Kick food cravings to the curb

Kick food cravings to the curb

Posted 2014-03-14 by Jessica Dfollow
Food cravings can be a major challenge for anyone attempting a diet overhaul, with chips, coffee and chocolate being the usual suspects.

Fortunately, there are more nutritious and wholesome alternatives to common food cravings.

“Food cravings can occur when certain chemicals within the body are low,” says Julie Masci, Dietitian and Director at New Life Nutrition.

“Cravings can be managed by knowing which foods will provide the chemicals your body needs.”

What foods do you crave


Potato chips are a classic craving, especially for Australians that prefer savoury foods to sweet treats.

“If you’re craving potato chips, you may actually be dehydrated and need salt,” says Masci.

This is because sodium, the primary substance in salt, helps to retain moisture in tissues and organs.

Drinking coconut water is a great way to replenish sodium and other electrolytes within the body, whilst managing a chip craving.

There are some surprising alternatives to potato chips


Dubbed ‘nature’s Powerade,’ coconut water is a natural isotonic that includes magnesium, phosphorus and sodium included in sports drinks without the extra sugar.

Just be sure not to confuse coconut water, which occurs as a clear liquid inside young coconuts, for coconut milk or cream which are both high in saturated fat.

“If it’s the carbohydrates in potato chips that you crave, try oven baking some thinly cut pumpkin,” says Masci.

Pumpkin is packed with potassium and fiber too, making it a great alternative to traditional chips.

Coffee is another typical craving, with most Australians using coffee to begin their day or cope with afternoon lethargy.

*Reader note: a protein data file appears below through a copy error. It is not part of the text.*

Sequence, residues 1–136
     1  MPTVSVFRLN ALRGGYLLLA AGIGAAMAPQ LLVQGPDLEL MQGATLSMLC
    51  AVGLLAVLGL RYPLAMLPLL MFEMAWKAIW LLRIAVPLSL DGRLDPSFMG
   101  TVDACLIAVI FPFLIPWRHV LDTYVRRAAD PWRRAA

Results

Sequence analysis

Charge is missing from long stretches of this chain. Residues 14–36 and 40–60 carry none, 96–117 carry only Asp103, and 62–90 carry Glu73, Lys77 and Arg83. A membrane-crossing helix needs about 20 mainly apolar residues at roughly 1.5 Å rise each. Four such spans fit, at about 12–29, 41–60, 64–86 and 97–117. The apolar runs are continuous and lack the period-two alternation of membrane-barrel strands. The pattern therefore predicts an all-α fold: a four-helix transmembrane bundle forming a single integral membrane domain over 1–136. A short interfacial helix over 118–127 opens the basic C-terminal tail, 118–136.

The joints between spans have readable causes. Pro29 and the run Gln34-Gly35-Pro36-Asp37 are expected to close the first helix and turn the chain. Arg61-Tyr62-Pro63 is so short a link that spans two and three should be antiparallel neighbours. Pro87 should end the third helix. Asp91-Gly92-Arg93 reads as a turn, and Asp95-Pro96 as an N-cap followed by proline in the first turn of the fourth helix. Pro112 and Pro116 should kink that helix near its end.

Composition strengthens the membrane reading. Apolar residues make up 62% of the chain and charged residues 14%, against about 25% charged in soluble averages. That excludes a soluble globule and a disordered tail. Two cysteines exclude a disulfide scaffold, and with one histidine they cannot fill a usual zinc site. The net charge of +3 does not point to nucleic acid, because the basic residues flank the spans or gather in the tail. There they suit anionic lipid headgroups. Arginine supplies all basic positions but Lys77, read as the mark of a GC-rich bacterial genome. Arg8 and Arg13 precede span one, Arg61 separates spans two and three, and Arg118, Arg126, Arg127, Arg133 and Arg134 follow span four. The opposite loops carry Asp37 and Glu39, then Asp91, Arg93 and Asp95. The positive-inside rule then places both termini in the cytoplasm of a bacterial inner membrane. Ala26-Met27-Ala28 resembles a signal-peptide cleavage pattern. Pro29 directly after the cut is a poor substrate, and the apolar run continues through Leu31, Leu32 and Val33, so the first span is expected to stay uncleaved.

“Drinking coffee without refined sugars is not necessarily a bad habit, but if you are frequently craving coffee then your body may lack iron,” says Masci.

Coffee helps most Australians cope throughout the day


Iron deficiencies can cause people to feel tired or sluggish, as there are fewer red blood cells to carry oxygen throughout the body.

For an alternative beverage that still packs an iron punch, try blending kale and spinach with some added pineapple for flavour.

Another surprisingly delicious alternative to coffee is prune juice, which is loaded with iron.

“Beware that craving coffee could be a sign that you have a caffeine addiction, which means you would need to abstain for at least three days,” says Masci.

Chocolate is arguably the most common food to crave, partly because it boosts hormones associated with feelings of well-being and contentment.

“Chocolate contains plant components, called flavonoids, that naturally increase serotonin and endorphin levels within the brain,” says Masci.

Chocolate is the archetypal nemesis of dieters everywhere


Fortunately, chocolate is not the only food laden with flavonoids.

“Strawberries owe their bright red colour to flavonoids, and tree fruits such as pears, plums and grapefruits are another great source,” says Masci.

Each of these fruits also has a rich luster and fragrance, meaning they ignite the senses as chocolate does.

“Food cravings can also stem from stresses in your daily life, so consider taking a walk to refocus your body and mind when cravings hit,” says Masci.

If cravings persist, consider these wholesome alternatives to chocolate, coffee and chips to stabilise chemicals within the body, and encourage better nutrition.

“Your body will feel better for it,” says Masci.


Images thanks to Wikimedia Commons and New Life Nutrition

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